Second, the use of Section 33 is not in any way "anti-Charter" as that Section is a key part OF the Charter. It is WITHIN the Charter so its use can hardly be said to be "anti-Charter". Since Martin would also use Section 33 the best response Stephen Harper could have used, but didn't, is that Section 33, far from being the enemy of the Charter is IN the Charter - - and is a key Section of it.

So the difference is not one of "pro-Charter" versus a supposedly "anti-Charter" perspective but, rather, when the Section should be used not whether it should be used.

Section 33 is, in fact, the enemy of an over-reaching judiciary not of democracy and its presence within the Charter was the reason we have the Charter at all. I am so sick of the kind of silly rhetoric Martin employed here in his attempt to nail Harper. Does he take ordinary Canadians to be morons?

Human rights are precariously balanced within democracies and as much damage to them can be done by judges that over-reach the subtle balances between developing rights recognition and culture as can be done by majorities that refuse to acknowledge rights at all.

Remember that with a Section 33 declaration a government has to defend its reasoning at the polls before long and could, in fact, be un-elected if the reasoning of the people has changed on a key point to culture. And the judges and the notoriously liberal media will give the government a public pasting to ensure that the liberal progressive positions will be publicly driven - - of that we can all be sure. It is then a question of time, debate and patience.

This short term "solution" of getting a big judicial win is amazingly short-sighted as it will, as the old language used to have it "bring the administration of justice into disrepute".

One more thing: weren't the Liberals the very people who used a majoritarianism (majority vote) to deny Catholics and other Christians (Pentecostals etc.) the right to continued constitutional educational protection in both Newfoundland and Quebec? You bet they were! It would have been better for them to have declared their domination of denominational education rights openly and in a way which could make them accountable. So much for accurate analysis of the Charter from Paul Martin.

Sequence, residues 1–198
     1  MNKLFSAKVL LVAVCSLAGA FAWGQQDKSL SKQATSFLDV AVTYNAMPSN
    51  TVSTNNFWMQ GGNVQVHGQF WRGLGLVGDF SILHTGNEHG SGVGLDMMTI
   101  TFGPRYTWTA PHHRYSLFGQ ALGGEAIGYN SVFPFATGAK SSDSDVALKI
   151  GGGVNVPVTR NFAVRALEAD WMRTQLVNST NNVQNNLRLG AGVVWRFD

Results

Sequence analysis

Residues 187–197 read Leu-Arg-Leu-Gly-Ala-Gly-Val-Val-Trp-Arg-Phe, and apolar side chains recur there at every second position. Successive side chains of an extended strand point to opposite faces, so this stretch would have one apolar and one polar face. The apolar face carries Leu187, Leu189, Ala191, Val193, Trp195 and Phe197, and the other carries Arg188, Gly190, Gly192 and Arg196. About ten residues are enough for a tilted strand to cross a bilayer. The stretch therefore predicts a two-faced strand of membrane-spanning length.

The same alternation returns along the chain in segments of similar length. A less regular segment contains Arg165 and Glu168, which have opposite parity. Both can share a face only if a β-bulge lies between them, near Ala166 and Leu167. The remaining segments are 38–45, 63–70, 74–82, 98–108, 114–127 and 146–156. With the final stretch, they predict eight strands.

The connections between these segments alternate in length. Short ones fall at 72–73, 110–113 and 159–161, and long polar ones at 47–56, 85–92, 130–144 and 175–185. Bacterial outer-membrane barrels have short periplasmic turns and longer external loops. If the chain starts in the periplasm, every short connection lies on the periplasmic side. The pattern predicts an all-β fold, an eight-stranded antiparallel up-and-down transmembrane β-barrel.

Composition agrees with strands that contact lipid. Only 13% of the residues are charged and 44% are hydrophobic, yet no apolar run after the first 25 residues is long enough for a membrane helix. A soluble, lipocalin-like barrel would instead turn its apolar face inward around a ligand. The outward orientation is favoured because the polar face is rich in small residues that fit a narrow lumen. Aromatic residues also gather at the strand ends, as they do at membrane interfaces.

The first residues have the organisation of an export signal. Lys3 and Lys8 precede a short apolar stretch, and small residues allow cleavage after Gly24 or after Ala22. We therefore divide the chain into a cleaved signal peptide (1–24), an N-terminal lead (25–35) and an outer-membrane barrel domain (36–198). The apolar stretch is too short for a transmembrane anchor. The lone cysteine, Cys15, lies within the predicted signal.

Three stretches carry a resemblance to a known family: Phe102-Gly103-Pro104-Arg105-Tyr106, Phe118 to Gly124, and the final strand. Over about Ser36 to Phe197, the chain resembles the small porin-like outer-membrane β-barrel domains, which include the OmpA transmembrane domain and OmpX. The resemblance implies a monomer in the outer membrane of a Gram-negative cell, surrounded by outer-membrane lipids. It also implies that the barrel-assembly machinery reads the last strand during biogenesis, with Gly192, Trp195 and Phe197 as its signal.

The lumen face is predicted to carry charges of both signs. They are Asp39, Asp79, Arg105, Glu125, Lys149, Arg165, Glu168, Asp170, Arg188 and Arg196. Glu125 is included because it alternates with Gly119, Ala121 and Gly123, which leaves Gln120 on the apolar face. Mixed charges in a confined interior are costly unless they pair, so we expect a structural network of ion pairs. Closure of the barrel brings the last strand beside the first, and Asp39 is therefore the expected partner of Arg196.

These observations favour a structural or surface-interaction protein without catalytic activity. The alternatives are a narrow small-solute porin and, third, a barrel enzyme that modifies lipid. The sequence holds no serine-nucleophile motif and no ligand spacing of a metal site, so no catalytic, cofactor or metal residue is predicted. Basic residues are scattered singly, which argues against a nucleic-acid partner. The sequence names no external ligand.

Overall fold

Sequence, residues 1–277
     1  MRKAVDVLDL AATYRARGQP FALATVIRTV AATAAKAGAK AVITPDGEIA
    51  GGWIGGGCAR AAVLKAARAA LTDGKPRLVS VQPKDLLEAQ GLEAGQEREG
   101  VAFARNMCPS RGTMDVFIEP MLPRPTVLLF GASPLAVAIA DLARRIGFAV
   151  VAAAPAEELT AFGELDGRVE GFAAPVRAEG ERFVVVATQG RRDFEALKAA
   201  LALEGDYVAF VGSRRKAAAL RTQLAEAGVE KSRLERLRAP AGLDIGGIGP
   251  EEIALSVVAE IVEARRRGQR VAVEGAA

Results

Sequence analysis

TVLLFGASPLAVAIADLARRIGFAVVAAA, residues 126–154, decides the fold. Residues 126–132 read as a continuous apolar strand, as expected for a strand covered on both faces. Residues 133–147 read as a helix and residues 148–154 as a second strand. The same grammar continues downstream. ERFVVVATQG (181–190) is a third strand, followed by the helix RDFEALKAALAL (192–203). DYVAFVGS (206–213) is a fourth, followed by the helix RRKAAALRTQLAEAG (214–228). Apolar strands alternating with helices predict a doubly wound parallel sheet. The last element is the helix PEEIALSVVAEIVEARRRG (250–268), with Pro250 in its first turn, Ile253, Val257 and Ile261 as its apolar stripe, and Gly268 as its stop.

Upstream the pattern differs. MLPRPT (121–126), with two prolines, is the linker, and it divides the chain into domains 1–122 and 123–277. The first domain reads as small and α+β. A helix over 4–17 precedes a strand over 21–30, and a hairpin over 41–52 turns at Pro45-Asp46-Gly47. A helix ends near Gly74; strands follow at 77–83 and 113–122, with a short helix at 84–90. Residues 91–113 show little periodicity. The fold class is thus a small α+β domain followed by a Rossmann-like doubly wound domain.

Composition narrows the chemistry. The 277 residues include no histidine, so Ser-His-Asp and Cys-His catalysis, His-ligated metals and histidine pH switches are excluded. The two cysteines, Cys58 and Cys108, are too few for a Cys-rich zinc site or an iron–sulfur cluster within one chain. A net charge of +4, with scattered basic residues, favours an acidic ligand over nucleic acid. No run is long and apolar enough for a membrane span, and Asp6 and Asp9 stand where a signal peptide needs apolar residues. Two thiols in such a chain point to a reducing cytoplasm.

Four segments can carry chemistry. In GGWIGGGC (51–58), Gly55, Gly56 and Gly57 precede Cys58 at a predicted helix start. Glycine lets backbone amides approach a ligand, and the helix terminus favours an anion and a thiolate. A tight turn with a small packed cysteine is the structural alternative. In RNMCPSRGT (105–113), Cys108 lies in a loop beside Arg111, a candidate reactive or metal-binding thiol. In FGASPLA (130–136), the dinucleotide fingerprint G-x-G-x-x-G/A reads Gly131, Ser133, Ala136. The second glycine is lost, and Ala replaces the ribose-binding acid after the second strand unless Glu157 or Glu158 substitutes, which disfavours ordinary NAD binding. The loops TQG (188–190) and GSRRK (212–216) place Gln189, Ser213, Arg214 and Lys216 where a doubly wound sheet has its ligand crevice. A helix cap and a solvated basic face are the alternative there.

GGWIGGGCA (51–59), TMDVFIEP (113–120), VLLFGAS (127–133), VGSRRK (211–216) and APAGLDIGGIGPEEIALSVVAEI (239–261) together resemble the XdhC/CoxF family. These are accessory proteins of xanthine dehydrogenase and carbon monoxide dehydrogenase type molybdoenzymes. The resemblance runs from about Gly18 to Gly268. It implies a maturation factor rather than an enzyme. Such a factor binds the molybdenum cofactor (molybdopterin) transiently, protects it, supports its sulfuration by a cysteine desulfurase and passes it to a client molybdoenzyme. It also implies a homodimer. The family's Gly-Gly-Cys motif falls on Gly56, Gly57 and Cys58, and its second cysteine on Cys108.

The journalists who were given the task of firing questions at the debaters did a fairly good job of things and we, as viewers, were not told whether the candidates had the questions ahead of time. There seemed to be no surprises.

Following the debate, however, things took a distinctly biased twist. The so-called "reality check" woman on CBC television who followed up the debate gave a blatantly biased spin to the suggestion that Paul Martin might himself use Section 33 of the Charter. She suggested that Martin would not have to use the Section 33 provision to protect the rights of religious communities not to marry same-sex couples since "religious rights are already protected under the Charter."

There is one word to say here. Wrong. There is every reason to suspect that, following from recent decisions, a court could determine that various aspects of religious autonomy have to give way to the furtherance of the equality of gays and lesbians. There are many ways (and we have already seen some such as the attack on Catholic Schools to have their distinctive teaching about same-sex behaviour in the Durham School Board "high-school prom" case) in which religion can be attacked following a decision that marriage should include gays and lesbian couples.

So, overall, it was another example of scripted debate in which each side tried to score off the other by talking over them, obfuscating, avoiding the questions and posturing. Perhaps only Duceppe and Harper seemed to have genuine capacity for open leadership though it is impossible to tell from one two-hour debate of this sort. Time will tell and the respect that Duceppe and Harper appeared to have for each other gave this reviewer, at any rate, a glimpse into how things might shape up in the future.

Iain Benson©